How much of our lives have we dedicated to perfection? The straight A’s, the beach bodies, the perfect scores; the list goes on. Striving towards perfection and then not achieving it can lead to depression, unhealthy mood swings, and self-deprecating doubt. These frustrations pile on, and eventually, a perfectionist may find themselves struggling to accept themselves.
If a person can’t accept who they are, they lose sight of their selves, and then, seek out ways to sculpt who they are supposed to be. I am a straight A student. I am a size zero. I achieved one-hundred percent. Underneath all those titles expressed through accomplishments, who is the person who achieved all those things? They couldn’t have possibly made it through without having made some mistakes and being imperfect in other things. Faults and flaws are what make individuals different from each other.
How Is Perfection Defined
Being a straight A student or wearing a size zero in jeans is by no means an absolute definition of perfection. If those things are considered your goals, then great! Go for it. Work hard to get what you want because there’s nothing wrong with that. But make certain that you are doing it for genuine reasons. It has to be what you want. Not what everyone wants for you and everyone else. Having B’s or C’s or wearing whatever size you wear does not dictate how close or far away you are from perfection. You dictate who you are. Perfection does not define you, and you are not defined by perfection.
The dictionary defines perfection as “the condition, state, or quality of being free or as free as possible from all flaws or defects.” The dictionary defines flaw as “a mistake or shortcoming in a plan, theory, or legal document that causes it to fail or reduces its effectiveness.” Was having a B in World History a shortcoming in your plans? Does it reduce your effectiveness as a person? Will you not be able to perform your duties in your daily work and personal lives if you do not nail an A in that class? Maybe it does if you plan to study History in college and you plan to become a professor or a scholar in the field. If so, congratulations! You have a goal! But you will have to make mistakes along the way in order to learn what not to do. That B in World History informed you of what it was that you didn’t know. You’ve made mistakes, leaving you the opportunity to learn.
This is how you grow. Growth is defined as “the process of developing or maturing physically, mentally, or spiritually.” By not being perfect, there is always room to grow. Striving and achieving perfection would infer that there is no more growth needed. You have peaked physically, mentally and spiritually. There is nothing else to satisfy. Nothing to learn. Nothing to do.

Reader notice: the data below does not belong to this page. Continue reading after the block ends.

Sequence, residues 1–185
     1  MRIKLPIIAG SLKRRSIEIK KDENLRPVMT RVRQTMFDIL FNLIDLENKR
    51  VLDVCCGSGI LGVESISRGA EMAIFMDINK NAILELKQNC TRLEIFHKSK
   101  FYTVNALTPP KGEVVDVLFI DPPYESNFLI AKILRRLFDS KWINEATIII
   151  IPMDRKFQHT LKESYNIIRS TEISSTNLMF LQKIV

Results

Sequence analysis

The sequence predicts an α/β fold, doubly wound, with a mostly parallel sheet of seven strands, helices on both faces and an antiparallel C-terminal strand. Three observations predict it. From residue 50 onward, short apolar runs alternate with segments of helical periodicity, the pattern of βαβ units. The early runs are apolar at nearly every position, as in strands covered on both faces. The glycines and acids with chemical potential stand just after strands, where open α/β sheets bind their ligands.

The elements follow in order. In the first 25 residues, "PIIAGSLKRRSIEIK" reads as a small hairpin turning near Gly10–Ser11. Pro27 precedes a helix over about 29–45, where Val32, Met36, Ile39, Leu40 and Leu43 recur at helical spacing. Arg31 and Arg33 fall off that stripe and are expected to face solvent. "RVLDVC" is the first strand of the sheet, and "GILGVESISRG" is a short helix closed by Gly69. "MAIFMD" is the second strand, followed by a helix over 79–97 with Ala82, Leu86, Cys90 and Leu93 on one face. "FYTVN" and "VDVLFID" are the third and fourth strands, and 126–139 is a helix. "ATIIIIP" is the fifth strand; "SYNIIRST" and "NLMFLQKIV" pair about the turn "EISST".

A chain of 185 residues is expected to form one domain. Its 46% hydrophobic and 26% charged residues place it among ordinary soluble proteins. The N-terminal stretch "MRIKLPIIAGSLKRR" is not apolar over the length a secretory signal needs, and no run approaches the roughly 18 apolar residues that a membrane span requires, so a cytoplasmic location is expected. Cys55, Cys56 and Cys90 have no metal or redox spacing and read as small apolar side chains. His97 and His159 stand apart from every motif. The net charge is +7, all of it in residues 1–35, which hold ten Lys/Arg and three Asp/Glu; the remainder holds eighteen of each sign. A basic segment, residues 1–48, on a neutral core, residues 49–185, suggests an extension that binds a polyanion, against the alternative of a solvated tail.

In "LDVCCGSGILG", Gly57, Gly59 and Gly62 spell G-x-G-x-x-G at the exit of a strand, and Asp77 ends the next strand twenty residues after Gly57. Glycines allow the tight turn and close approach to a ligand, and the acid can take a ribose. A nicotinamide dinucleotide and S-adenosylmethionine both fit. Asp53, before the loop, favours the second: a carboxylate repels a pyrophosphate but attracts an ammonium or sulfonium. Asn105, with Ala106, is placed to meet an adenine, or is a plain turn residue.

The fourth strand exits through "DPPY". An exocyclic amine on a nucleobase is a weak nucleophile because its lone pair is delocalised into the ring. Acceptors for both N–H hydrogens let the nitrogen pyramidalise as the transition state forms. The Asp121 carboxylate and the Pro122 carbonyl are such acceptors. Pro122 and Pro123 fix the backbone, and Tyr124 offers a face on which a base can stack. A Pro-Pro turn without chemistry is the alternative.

Perfection sounds a little boring, doesn’t it?
Don’t Strive For Perfection. Strive For Balance
Ever gone on an interview and been asked, “Tell us your strengths?” You’d might answer:
- “I’m great at analyzing!”
- “I work hard at what I do!”
- “I’m a kind, loving person!”
These skills are wonderful assets to have. For what the employer is looking for, these could be the keys to getting in the door. But then, the interviewer asks you, “well, what are your weaknesses?”
You stumble. You aren’t sure what to say. You haven’t thought about it much, or you couldn’t come up with anything before the interview. The reality is that what makes us strong can also make us weak.
- “I analyze too much and I forget to listen to my instincts, thus second-guessing my conclusions.”
- “I work too hard. Last year, I was in the hospital because I was stressed and malnourished, and my doctor told me I had to take a week off.”
- “I’m really nice. I’m so nice that I let people take advantage of me and I don’t say anything because I don’t want to hurt their feelings.”
And that’s okay. While you were trying to become better at problem-solving, elevating your work ethic, and sustaining your virtues, you might not have realized that trying to do too much of one thing can be a bad thing. It’s important to work towards becoming better at those things, but it’s also important to accept that you are human and that your strengths aren’t always going to be consistent. Don’t strive for perfection, strive for balance, and you may find peace within yourself.
Accept that you could be better at something, but where you are now is where you’re supposed to be. Trust yourself, believe in yourself, and allow yourself to be you. Forcing yourself to be something more can be disastrous for your personal and work life, and your health.
If Someone Was Perfect, They’d Be A Robot
Ideas of perfection, whether they be of our intangible attributes or our bodies, are social constructs that dictate expectations and standards. Comparisons are often drawn to categorize people. That’s what our minds do: organize the chaos. But if everyone was expected to look or behave a certain way, we’d all look and behave the same. As obvious of a statement as that may seem, it’s not so widely conceded.
People come in all shapes, sizes and colors. They hold their own beliefs and morals, aspirations and fears. Their experiences are their own, and no one ever experiences precisely the same life as the other. Everyone makes mistakes and have blemishes and faults. These elements cannot be manufactured. As a result, the standards dictated by social constructs are irrelevant. Everyone is different, and that is okay.